We did manage to walk in the various parks a couple times, but my mom is almost 86. It’s great that she can still get out and do a little hiking – but the pace is slow. All this is to say that I was looking forward to getting off the plane Saturday evening and riding my bike the nine flat miles home. It turned out that I’d parked the bike quite some distance from the old terminal that Frontier is consigned to, but I hadn’t wanted to risk missing my flight on the way out by looking around for a closer lot. So I had a nice brisk walk back to my bike, which had waited patiently for my return and had survived the ordeal of parking at the airport quite nicely. All my accoutrements were still on the bike, and by my return there were about 15 bikes parked there, so I was in good company. 

There were a few drops of rain on the seat and the skies were heavily overcast. But the air was pleasantly cool – though disgustingly humid. There was excellent signage pointing the somewhat convoluted way to the bike trail, which runs right past DC’s National Airport. I was happy to pedal home at a steady clip – giving my legs a good workout. At about mile three of the W&OD trail, I noticed that a ladybug had hitched a ride on my thigh. She seemed untroubled by the constant up and down of my leg – crawling around from time to time. I was worried that she would get squished between my thighs, as she seemed headed in that direction. But, after a mile, when I turned onto to the Four Mile Run Trail, she was gone. I wondered about the life of a ladybug. Would she miss her family? Did she know where she was going? Had she hitched rides on cyclists’ thighs before? I wished her a safe flight home – wherever that might be for her – and was happy that I’d flown away home and back, returning safely and finding my bike unmolested. I got to my house just as big raindrops began splotching the sidewalk. Perfect timing.

Monday, August 13, 2012

August 13, 2012 - Love the One You're With

August 13, 2012 – Love the One You’re With

            For weeks, I put off taking my new bike into the shop for its much-needed 1,000 mile tune-up. It’s the height of biking season, and they said it might be as much as a week till I could get it back. Sure, I still have my daughter’s heavy old hybrid bike that I’d been riding happily until I spurned it for a lighter, cooler-looking bike five months ago. But I didn’t think I could bear to go back to commuting on the old workhorse.

            Maybe it helped that this morning dawned cooler and less humid than it’s been for most of the summer. But the experience was like reuniting with an old lover that you’d tossed aside for someone more attractive but less practical, less attentive to your needs. Suddenly you remember all the things that were so good between you and wonder, what was I thinking? Here’s what I discovered on this morning’s ride.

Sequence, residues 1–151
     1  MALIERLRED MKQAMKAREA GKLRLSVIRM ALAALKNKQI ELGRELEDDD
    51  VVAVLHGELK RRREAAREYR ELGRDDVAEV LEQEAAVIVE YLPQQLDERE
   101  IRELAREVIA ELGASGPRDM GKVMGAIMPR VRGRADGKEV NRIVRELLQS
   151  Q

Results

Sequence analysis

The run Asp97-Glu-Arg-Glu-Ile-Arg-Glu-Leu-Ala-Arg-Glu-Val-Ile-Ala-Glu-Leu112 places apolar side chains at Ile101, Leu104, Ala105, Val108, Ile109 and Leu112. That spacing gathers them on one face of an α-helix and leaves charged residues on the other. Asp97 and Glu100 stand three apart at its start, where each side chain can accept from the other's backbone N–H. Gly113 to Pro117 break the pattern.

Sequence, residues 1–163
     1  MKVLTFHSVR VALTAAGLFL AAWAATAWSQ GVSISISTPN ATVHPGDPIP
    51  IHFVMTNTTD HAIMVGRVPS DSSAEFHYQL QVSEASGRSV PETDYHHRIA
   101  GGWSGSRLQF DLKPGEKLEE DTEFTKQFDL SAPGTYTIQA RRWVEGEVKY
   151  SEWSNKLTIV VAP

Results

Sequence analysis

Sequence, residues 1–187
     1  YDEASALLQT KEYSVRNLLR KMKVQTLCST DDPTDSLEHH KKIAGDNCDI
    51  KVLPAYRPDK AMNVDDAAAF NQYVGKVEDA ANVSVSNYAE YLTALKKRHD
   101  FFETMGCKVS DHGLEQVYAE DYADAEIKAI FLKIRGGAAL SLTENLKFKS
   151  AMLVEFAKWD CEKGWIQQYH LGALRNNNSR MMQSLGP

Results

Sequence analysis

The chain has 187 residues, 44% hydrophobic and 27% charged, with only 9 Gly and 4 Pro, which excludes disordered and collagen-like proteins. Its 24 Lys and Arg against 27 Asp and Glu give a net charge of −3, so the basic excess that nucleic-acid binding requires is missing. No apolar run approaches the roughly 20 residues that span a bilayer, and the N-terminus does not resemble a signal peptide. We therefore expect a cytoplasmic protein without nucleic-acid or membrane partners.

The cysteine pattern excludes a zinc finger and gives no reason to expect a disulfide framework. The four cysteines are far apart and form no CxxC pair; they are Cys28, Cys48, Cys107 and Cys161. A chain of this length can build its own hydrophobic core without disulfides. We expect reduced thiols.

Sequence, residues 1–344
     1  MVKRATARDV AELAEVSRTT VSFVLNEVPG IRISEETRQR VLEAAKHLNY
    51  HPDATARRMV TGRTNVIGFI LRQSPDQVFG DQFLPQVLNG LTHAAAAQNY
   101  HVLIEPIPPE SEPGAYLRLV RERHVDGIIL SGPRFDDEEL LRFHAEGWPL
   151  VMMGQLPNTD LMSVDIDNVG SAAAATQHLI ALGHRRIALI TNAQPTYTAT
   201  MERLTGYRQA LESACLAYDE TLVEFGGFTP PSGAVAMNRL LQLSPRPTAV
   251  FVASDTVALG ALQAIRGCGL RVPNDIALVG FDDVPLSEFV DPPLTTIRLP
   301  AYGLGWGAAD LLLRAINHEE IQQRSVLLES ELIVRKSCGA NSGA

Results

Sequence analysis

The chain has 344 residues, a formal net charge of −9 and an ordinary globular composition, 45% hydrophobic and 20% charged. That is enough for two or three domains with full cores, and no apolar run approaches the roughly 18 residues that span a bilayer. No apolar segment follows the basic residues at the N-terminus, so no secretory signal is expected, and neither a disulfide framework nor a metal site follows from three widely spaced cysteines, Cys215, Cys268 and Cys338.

Things I Love About My Old Bike

1.     It’s stable. Not only can I ride it with two fully loaded panniers. I can also ride it with ONE fully loaded pannier and not feel thrown off balance.

2.     Its big fat tires absorb shocks. I can bump over the many tree roots on the path without feeling like my teeth are about to rattle out of my head, and the long stretch of boardwalk on the Mount Vernon Trail is barely noticeable – not a seemingly-endless rumble.

3.     It’s better for my body. I like the more aerodynamic position of my new bike, on which my body angles forward somewhat. But I’ve been experiencing wrist and low-back pain that I don’t seem to have on the old bike.

4.     It’s just as fast. I thought I’d shaved time off my commute with the new bike. I usually note the time I leave the house, and then check the big clock on the Old Post Office building on Pennsylvania Avenue, which is just a few blocks from my office. Still 50 minutes! Apparently it’s not the better bike but that I’ve gotten stronger. Hooray! The bike is SO much heavier, but it has a wider range of gears and I feel like I get up the hills just as fast.

Things I Don’t Love About My Old Bike

1.     The seat. That wide, squishy old “comfort” seat is positioned at an angle that makes me keep sliding down toward the nose. But a new seat is an easy fix.

2.     Lifting it. There are things I now appreciate about its heavy weight – but lifting it onto the bus or car rack isn’t one of them. Also, there is no way I could get it onto a wall mount at work – but fortunately there are other locking options.

            So, I think it’s time to have an open discussion with my bikes about polyamory. My commitment will be to stay fully present with the bike I’m riding – not fantasizing about the other bike or making unkind comparisons (“you’re overweight,” “you’re unstable.”) Each bike has strengths to recommend it, but nobody’s perfect. I can get a new seat for my old bike and try tweaking the seat and handlebar positions on the new bike to make it more comfortable. But mostly, I’m counting myself lucky to have two beautiful bikes that are only too happy to take me wherever I want to go. Oh, there’s also a third bike at my boyfriend’s house in Philly…but I don’t know if my Arlington bikes know about her yet. One thing at a time…